27 février 2017

This Week in Elasticsearch and Apache Lucene - 2017-02-27

Par Clinton GormleyMichael McCandless

Welcome to This Week in Elasticsearch and Apache Lucene! With this weekly series, we're bringing you an update on all things Elasticsearch and Apache Lucene at Elastic, including the latest on commits, releases and other learning resources.

Batched Search Reduce Phases

In the last 2 weeks we refactored several parts of our search layer to allow for better testablity as well as to add new features. With the addition of cross cluster search a couple of weeks ago the ability to search across many many shards became a much higher priority. With batched search reduce phases we added the first step towards removing the artificial soft-limit of 1000 shards per search request. We added the ability to reduce shard results in batches (by default 512 shards at once) to free up resources as soon as possible to prevent the high memory consumption that the soft limit was added to prevent. At this point only aggregations are reduced in batches but future work is already on the way and is expected to come in version 5.4.

Circuit breaker accounting leak

This week we saw a two day round-the-clock debugging spree around a Circuit Breaker accounting bug. We've been chasing reports of clusters not accepting requests due to the request circuit breaker before but couldn't pin them down. Last Monday, Jason Bryan signalled that his private cloud cluster displayed the same symptoms. Restarting the cluster made it accessible again but plotting the request circuit breaker value over time clearly showed a leak. Something was incrementing it with a few MB every 2.5 minutes. When those MBs consumed 70% of nodes memory, no request to the node could be made. Some more hours and late into the night we correlated it to the snapshotting logic in Cloud. That was puzzling as cloud only snapshots every 30 minutes. More digging led to the discovery that the cloud call to list the snapshots times out, breaks the connection and then immediately tries another time. That explained the faster cycle but we still had no clue what was happening on the Elasticsearch side. Since it was our own cluster, Jason Tedor built a custom jar with some debugging logic and the results were surprising - it wasn't snapshot related at all. If the client closed a connection to the REST layer before Elasticsearch could respond, we would fail to mark the request resources as freed. The snapshot listing call's only fault was being slow... the cluster had 426 snapshots in it, each with many indices. S3 was just slow to read (>5m some times). This issue was fixed and will be part of the imminent 5.2.2 release. We deployed the build candidate to Jason's cluster and confirmed that the leak is gone. Thanks again to Jason Bryan and the cloud team for working with us and jumping through hoops to get this resolved.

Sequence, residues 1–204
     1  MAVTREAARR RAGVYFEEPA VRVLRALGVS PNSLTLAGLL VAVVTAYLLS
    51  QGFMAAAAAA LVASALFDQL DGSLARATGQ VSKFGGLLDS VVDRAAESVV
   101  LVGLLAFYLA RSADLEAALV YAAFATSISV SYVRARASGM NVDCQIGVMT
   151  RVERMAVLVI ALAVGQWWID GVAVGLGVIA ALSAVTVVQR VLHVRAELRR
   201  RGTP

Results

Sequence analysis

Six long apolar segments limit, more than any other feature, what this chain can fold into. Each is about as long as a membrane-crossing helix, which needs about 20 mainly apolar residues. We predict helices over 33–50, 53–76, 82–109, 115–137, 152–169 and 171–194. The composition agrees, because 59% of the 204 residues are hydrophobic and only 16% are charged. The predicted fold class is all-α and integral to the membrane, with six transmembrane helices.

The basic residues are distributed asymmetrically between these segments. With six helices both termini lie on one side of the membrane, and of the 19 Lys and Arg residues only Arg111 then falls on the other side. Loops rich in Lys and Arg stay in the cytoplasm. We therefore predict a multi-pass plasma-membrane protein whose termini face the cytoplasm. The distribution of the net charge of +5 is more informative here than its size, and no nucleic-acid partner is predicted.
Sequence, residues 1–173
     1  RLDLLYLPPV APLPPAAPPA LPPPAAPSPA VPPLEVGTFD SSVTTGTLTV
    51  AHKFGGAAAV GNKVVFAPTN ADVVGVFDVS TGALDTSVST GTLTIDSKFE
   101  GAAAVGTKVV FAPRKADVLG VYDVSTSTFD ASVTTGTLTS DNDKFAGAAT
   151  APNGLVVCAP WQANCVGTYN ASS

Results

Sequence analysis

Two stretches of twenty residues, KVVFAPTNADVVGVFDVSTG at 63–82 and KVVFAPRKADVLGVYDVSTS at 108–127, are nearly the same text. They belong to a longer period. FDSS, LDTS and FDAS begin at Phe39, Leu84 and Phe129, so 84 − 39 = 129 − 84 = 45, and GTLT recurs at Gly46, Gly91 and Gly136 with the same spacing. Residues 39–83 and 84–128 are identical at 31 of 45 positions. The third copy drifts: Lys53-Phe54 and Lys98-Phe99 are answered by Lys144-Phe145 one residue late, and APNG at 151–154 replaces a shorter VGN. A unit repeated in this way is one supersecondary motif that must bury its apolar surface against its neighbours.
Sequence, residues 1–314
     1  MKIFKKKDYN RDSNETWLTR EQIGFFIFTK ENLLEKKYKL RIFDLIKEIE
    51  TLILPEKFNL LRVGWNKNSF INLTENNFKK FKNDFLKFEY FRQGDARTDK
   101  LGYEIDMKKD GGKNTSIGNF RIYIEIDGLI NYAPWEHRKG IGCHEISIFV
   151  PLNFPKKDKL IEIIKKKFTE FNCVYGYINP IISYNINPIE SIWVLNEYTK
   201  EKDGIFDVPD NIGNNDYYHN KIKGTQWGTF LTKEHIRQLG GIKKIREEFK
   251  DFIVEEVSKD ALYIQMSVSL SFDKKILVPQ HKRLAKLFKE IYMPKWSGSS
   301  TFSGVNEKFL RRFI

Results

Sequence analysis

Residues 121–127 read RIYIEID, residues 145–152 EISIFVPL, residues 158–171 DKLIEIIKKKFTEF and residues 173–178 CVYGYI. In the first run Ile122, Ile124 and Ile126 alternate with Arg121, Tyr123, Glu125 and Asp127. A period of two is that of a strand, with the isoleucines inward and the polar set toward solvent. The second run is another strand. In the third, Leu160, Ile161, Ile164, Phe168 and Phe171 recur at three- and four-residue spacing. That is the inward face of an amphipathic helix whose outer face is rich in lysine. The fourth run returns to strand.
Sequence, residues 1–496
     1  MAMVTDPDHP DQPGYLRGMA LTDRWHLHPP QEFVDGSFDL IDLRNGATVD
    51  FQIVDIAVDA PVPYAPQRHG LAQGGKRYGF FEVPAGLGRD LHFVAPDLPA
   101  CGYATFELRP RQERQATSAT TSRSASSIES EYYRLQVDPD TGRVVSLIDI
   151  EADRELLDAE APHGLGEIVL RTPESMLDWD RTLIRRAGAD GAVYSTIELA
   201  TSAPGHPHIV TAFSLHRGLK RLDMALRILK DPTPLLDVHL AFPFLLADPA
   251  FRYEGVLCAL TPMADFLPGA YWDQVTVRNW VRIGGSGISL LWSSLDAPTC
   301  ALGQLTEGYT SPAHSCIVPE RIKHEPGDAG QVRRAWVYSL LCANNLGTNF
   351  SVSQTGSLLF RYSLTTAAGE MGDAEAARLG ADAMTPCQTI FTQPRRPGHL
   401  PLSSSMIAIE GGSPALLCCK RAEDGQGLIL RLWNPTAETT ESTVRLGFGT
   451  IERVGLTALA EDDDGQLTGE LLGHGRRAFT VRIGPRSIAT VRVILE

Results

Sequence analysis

New Rally nested track

Rally got a new track called "Nested" which indexes a subset of a Stackoverflow dump using nested documents. It runs nested queries, nested aggregations, nested sorts, as well as simple queries that do not leverage the nested structure, which still have to mask nested docs, so hopefully we should be better informed of performance improvements and regressions related to the use of nested documents in the future.

Completion suggester learns to deduplicate suggestions

Lucene's near-real-time document based suggester, exposed as the new completion suggester and context suggester in Elasticsearch 5.x, is a powerful auto-suggest implementation, differentiated because it respects deleted documents and can apply filters. It also supports an analyzer to normalize the different ways users type what are in fact the same suggestion which can be very powerful. However, it was missing duplicate removal, which is a big limitation for uses cases such as suggesting author names from your index when prolific authors may written many documents. Under the hood, the suggester builds a per-segment finite-state transducer (FST), where each path is first the analyzed suggestion string, followed by a vInt encoding of the document ID. This means that the FST has already done the hard part for deduplication: all duplicates will share a single path through up until the document ID, at which point it will branch out to all the many documents with that suggestion. We've now taken advantage of that to efficiently prune partial that can only lead to duplicate suggestions so that in Lucene 6.5.0, Elasticsearch 5.4.0 we will have the option to remove duplicates.

Changes in 5.3:

Changes in 5.x:

Changes in master:

Coming up:

Apache Lucene

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